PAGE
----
|The Cape Peninsula University of Technology (CPUT) Electronic Theses and Dissertations (ETD) repository holds full-text theses and dissertations submitted for higher degrees at the University (including submissions from former Cape Technikon and Peninsula Technikon).|
A load management system for fixed appliances in a safe DC RDP house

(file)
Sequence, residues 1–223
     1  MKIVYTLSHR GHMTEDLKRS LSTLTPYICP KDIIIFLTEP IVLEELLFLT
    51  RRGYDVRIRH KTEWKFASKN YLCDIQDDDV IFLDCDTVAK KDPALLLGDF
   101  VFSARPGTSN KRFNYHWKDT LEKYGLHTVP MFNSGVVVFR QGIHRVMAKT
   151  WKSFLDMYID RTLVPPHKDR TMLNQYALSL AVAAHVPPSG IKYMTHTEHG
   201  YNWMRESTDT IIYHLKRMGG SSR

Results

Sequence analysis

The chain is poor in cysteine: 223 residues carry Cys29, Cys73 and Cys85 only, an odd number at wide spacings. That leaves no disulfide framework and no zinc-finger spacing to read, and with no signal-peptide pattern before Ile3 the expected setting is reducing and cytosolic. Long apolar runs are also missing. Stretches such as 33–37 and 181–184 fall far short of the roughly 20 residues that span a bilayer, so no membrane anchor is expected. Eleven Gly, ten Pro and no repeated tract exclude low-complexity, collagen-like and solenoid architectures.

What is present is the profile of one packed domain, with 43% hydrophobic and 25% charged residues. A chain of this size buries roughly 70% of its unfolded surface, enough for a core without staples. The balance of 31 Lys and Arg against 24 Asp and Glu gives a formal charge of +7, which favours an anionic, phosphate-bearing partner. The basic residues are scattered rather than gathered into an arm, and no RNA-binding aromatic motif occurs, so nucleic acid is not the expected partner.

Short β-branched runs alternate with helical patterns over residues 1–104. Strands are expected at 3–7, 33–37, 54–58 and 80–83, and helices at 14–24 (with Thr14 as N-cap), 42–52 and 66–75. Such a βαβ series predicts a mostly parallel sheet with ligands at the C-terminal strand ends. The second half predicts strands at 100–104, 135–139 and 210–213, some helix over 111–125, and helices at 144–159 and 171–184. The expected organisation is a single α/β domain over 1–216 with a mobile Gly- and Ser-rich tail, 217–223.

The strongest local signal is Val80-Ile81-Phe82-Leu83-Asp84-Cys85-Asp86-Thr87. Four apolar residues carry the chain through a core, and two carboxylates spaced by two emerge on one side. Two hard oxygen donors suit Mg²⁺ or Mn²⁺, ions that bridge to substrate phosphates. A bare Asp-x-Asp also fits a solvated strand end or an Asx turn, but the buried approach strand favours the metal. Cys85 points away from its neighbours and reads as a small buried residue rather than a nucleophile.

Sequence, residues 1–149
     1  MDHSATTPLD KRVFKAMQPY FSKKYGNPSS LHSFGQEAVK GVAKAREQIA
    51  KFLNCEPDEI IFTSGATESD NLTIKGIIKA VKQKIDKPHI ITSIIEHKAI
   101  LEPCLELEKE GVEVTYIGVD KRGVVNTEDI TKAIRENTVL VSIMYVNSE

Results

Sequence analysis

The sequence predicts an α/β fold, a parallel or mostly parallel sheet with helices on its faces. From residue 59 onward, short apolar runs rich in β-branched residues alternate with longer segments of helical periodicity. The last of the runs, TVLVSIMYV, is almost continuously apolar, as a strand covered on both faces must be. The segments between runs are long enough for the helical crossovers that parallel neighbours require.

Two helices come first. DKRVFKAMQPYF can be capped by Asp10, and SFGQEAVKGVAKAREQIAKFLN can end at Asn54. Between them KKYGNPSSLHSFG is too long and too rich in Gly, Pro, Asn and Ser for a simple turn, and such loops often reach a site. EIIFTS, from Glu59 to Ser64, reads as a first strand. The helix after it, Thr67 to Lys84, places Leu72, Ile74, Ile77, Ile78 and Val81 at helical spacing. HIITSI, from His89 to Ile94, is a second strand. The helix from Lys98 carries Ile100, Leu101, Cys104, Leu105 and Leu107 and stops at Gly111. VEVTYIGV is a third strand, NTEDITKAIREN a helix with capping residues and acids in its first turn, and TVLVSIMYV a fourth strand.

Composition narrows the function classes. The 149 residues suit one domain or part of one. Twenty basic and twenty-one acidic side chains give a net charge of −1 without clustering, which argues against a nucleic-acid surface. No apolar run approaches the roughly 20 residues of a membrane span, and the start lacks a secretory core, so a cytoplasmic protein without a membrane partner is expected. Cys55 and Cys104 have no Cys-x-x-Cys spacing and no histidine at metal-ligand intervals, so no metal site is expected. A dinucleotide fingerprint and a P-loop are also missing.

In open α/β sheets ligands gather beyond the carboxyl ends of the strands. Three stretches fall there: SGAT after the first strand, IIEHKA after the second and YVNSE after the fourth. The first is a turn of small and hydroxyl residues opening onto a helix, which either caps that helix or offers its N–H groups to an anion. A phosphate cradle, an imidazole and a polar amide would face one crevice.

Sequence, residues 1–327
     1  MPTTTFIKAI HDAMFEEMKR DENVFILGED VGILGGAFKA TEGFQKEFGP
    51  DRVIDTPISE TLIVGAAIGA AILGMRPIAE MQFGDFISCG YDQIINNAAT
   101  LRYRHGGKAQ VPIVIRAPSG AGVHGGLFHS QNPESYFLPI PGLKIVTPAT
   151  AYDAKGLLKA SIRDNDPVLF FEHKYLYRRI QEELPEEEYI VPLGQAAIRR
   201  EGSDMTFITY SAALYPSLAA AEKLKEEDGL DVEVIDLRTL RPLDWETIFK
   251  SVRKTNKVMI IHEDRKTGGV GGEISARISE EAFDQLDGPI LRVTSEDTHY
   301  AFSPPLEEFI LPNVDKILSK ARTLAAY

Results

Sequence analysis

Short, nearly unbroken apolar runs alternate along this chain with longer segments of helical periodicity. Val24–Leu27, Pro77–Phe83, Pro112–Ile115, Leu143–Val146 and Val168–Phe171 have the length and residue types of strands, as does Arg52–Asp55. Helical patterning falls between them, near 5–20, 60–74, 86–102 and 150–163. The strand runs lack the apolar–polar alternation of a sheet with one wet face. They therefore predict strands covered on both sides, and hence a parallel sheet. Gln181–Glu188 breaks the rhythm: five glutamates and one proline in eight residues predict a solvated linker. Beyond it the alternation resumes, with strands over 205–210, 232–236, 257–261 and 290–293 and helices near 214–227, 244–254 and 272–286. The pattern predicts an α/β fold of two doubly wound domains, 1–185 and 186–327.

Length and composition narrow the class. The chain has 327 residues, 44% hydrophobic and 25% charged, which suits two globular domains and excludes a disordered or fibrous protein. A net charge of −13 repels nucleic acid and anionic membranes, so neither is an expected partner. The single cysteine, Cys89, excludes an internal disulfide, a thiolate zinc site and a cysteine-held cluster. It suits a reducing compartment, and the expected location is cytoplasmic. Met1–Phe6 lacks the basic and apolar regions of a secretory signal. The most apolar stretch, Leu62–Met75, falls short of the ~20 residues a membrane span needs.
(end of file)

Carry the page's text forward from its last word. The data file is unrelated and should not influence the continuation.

This dissertation represents the design and development of a load management system for fixed appliances in a safe direct current (DC) Reconstruction and Development Programme (RDP) house. A combination of valley filling, load shifting and peak clipping load management techniques were employed to assist in reducing the peaks observed in the RDP house load profile during peak hours. A DC RDP house laboratory model was developed. The study is based on the assumption that the normally 220 V alternative current (AC) grid is replaced by a 350 V DC grid. The assumption is thus that 350 V DC is available at the distribution box in the RDP house laboratory model. All theoretical work was based on a 350 V DC system, but due to the lack of a laboratory 350 V DC supply, all physical tests were conducted by making use of a 300 V DC supply which was available. Consequently all calculations were thus based on 300 V DC as well. The geyser was the main fixed appliance focused on since it contributes to a significant portion of the power used. An AC geyser was successfully modified in order to be used in the DC network. Safety of the system was considered in order to interrupt the power in case of overcurrent or to isolate the power. Electronic switches were also developed and implemented to ensure that the DC power could be safely switched on and off and that the low power DC was isolated from the high power DC. LabVIEW allowed all other appliances in the DC RDP house to be virtually represented so that a holistic view of the power use of the house could be represented. This also allowed the system to be successfully simulated before any physical work was conducted. The load management system was successfully implemented by making use of power line communication. This proved to be a cost effective means to apply the load management algorithm. The algorithm consisted mainly of power on / off instructions that were executed during peak and off-peak times. It follows the normal use of timers used in the AC system to help reduce demand. It was found that the load management system successfully reduced the demand during peak hours without compromising the basic needs of the user. The power line communication modem proved to be very reliable in implementing the load management algorithm.